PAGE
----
Interview with Forensic Accountant Sundaraparipurnan Narayanan


What is your current job role and what does this involve?

I handle the forensic service line for SKP Business Consulting LLP, in India. I advise clients/corporates on fraud management/prevention strategy in the nature of setting up an in-house fraud control unit or support with operational fraud matrices in the nature of fraud analytics or fraud risk assessments, and assist in ethics or compliance investigations. With the increase in fraud, corporates are increasingly setting up in-house fraud control units to manage the risk of frauds. This includes defining the roles & responsibilities of the unit, exhibiting independence, developing a robust concern handling process and measuring effectiveness of the operations at appropriate intervals. Operational fraud management includes supporting corporates with fraud risk assessments and specific dashboards on fraud control. Supporting ethics and compliance investigations is primarily focussed towards gathering evidence from digital and documentary sources and conducting interviews of identified individuals (employees and third parties) with reference to the issue in question.

What kind of education/training do you need to work in this area?

You need to have an eye for details and you need to develop the capability of noticing inconsistencies and identifying patterns. These are enablers in this field. At the base, for the given nature of job, one should have a strong background in accounting and internal controls. Certified Fraud Examiner is a certification offered by ACFE, a non-profit working towards enhancing education relating to fraud. This certification helps resources to understand the essentials better.

How did you end up working in forensic accounting?

I was influenced by the way my mentor (Mr. Shanmuga Sundaram) worked on internal audit/internal control reviews, where he was able to spot complex frauds based on his unorthodox approach. Over time I realized that I had an interest in fraud investigations and wanted to explore that as a career. I joined Ernst & Young in their fraud investigation service line to learn and over a period the work experience supported by subsidiary reading has helped me in this field.

What are some of the most challenging aspects of this kind of work?

Gathering evidence is always challenging. In one of the reviews that I led, the issue in question was on the fraudulent manipulation of IT application data at the backend. The review involved gathering of specific traces of evidence from the logs and identifying inconsistencies. It also required exploring newer tools/techniques including wireshark attack or specific backup protocols to ensure that evidence was secured for subsequent analysis. These measures helped in concluding the investigation.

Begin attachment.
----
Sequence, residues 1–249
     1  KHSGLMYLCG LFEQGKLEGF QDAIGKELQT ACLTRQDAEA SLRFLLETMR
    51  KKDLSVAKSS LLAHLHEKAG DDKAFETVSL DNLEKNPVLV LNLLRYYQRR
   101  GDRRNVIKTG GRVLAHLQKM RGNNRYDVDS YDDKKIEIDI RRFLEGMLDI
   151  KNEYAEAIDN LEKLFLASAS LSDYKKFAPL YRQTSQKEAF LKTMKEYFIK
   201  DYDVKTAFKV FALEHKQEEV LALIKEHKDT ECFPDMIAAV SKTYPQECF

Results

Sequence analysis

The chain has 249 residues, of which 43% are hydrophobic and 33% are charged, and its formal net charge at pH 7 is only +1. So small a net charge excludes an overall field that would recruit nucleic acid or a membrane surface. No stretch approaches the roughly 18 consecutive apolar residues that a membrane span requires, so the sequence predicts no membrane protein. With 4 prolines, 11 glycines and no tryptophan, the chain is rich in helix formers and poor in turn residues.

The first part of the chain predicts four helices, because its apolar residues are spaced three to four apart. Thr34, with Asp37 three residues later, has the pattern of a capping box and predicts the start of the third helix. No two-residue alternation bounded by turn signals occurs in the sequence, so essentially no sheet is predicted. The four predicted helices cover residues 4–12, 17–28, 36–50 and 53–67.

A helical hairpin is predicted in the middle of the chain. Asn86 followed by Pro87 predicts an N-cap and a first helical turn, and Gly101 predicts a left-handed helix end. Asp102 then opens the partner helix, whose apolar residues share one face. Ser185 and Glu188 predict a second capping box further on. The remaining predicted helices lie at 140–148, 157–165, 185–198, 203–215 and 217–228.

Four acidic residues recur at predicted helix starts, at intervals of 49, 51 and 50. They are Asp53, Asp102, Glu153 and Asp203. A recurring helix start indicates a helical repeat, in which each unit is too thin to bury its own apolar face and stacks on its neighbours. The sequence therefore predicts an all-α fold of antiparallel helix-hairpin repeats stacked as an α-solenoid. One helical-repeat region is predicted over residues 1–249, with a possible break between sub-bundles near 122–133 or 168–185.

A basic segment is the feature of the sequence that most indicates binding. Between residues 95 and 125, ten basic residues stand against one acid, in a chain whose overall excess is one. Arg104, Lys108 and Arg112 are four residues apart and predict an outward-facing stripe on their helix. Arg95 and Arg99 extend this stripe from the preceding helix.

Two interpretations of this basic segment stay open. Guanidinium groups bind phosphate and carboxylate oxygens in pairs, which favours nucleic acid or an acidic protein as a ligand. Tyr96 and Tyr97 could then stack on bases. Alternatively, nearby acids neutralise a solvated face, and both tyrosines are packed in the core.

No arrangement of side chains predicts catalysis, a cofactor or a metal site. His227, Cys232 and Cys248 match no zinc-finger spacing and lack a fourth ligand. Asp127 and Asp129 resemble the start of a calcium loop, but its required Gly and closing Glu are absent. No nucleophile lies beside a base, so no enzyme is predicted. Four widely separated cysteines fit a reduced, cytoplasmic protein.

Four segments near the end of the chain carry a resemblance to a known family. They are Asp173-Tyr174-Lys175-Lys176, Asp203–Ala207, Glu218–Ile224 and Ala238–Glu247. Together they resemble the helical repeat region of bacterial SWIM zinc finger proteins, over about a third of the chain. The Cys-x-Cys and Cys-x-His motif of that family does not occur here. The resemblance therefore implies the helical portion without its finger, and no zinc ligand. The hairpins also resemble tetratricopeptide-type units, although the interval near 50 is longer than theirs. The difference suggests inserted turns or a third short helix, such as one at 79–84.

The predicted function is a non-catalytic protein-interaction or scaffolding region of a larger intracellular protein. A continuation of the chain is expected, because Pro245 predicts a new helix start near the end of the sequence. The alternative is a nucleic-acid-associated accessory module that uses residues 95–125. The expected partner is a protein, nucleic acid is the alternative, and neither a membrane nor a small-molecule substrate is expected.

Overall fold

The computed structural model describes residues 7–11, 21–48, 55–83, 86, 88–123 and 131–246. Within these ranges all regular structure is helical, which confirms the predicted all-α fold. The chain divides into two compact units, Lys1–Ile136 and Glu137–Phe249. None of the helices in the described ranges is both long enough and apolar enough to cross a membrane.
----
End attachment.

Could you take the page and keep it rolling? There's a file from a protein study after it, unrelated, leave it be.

Similarly in another review, the instance of fraudulent conduct was identified in Japan. Investigation in Japan with known language constraints was challenging. We had to conduct interviews of the suspects with translators around.

How do you think this field of work could be improved?

Currently the technology is maturing in this field with digital forensics and analytics becoming more prominent than before. I believe that technological influence can change the playing field for the service in the decade to come. A move from service to solutions on fraud management also will be a game changer in the years to come.

Finally, do you have any advice for those seeking a career in forensic accounting?

My 3 points of suggestions to people joining forensic accounting are:

  1. Remember you are not a super human. You can gather only those evidences that are available, extractable and representable at the court of law. Hence be clear with the evidence that you can gather.
  2. Spend time learning. Learning gives a broader perspective of gathering evidence.
  3. Embrace technology. It will help you, add value to the field of work over time and bring in a change.

If you’re a forensic scientist (academic or industry) or a crime scene investigator and would like to be part of this series of interviews, get in touch by emailing locardslabblog[at]

This is Part 6 of our series of interviews with forensic professionals.

Interview Series Part 1 – Interview with Forensic Identification Scientist Alexandre Beaudoin

Interview Series Part 2 – Interview with Forensic Expert Robert Green OBE

Interview Series Part 3 – Interview with Forensic Expert & Consultant Gareth Bryon

Interview Series Part 4 – Interview with Forensic Identification Specialist Donna Brandelli

Interview Series Part 5 – Interview with Forensic Video Analyst David Spreadborough